Today’s Early Mama Spotlight Q+A comes from a young college student named Cecilia. You might relate to her story: She’s a single mom who moved back in with her parents to finish college, and was originally on the adoption path before deciding how important it was to raise this baby girl herself.
1. How old were you when you had your baby?
2. Was this planned? Unexpected?
It was not planned, but my life was pretty chaotic when I got pregnant and I had not been making sane choices about birth control, so I can’t say it was unexpected. If that’s vague enough for you.
3. How did your friends and family react to the news?
Most people in my life were initially shocked and upset. I was having a tough time at that point in my life, and a baby seemed like the last thing I needed. When the reality of my pregnancy hit me, I considered adoption. It seemed like the “rational” thing to do. Our culture tells us that having a baby young will ruin your life and I believed it. I had a social worker and had even met a couple of families, but it never felt right. I used to bawl myself to sleep — I was so torn up over my decision and I felt a lot of pressure from the adoption agency to make a final decision.
Then one day I just knew what to do. I realized that the heart wants what it wants, and mine wanted to raise my daughter.
4. And I see you’re a single mom. Is your ex involved at all?
5. What’s been the most challenging part of your “early mama” experience?
For me, it’s the money. I have very little saved, a pretty low earnings potential, and a pile of student debt. I am one thrifty mama — I buy less, buy used, and make what I can — but that can only go so far. It’s been challenging to ask for help — from family, from the government, from educational institutions. But I think of it as an investment. I will be of greater benefit to society if I’m a public school teacher than if I’m a nanny, and likewise my daughter will be of greater benefit to society if she has a good education.
It’s also challenging to have so little time to make art (I’m an actress), but that is the parent’s lament, young and old.
6. What are some of the biggest advantages to you, starting a family so young?
I would have to agree with your recent posts about the career advantage of starting a family young. When I’m feeling overtired and bedraggled as a parent, I walk into a college classroom and most are in sweatpants, exhausted from a night of partying or studying. By the time I have to iron business casual every morning, my daughter will be too old to pull the iron down on her head. When I really need to invest time in my career, I’ll have a little more space to do so.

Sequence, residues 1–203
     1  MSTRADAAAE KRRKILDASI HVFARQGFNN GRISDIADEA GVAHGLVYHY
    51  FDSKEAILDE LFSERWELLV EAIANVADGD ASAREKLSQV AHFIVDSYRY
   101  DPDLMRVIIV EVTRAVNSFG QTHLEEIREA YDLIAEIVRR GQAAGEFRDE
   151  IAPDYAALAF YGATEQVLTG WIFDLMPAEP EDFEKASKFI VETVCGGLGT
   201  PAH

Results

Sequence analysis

7. In addition to being a single mom, you’re also a student mom. Do you have any advice for new moms traveling a similar path?
Find an institution that is intellectually challenging yet supportive of your other huge commitment. Once you get there, find an advocate — a professor or administrator — who will go to the mat for you. If you don’t like your advisor, switch. You need people in high places on your side.
Also make sure to arrange enough childcare so that you have time to do homework as well as attend class. I learned that the hard way last semester. This semester, my daughter will be in daycare four full days a week so that I can get my homework done during the day. That way when I’m home with her, I can really be home.
8. What are you studying in school? Any long-term professional goals?
I’m studying Psychology and Education, and I might graduate with a license to teach elementary school. I love teaching, but I don’t think I’m in it for the long haul. I think a short career as a teacher (5 to 10 years) could inform future work in education policy or research. I’d like to have a job where I get to write.
I’m also really excited about Adventure Playgrounds, and I’d love to build some in the U.S.
So I have some professional goals, some plans, but I know that school can be spontaneously inspiring. I’m trying to be open to that as well.
9. Have you been dating at all?
I’m starting to date a little, but I have a hard time relating to the 20-something bar scene. The truth is that I’m not looking to add another person to my family right now. My relationship with my daughter is the most important thing to me, and I don’t have a lot of spare energy or time for a new relationship.
10. If you could go back and tell your pregnant self one thing, what would it be?
Breathe. Trust yourself. You will make the right decisions. Also, take it easy! Stop working so hard and sleep while you can.
You can read more from Cecilia on her blog Baby Blue Elephant.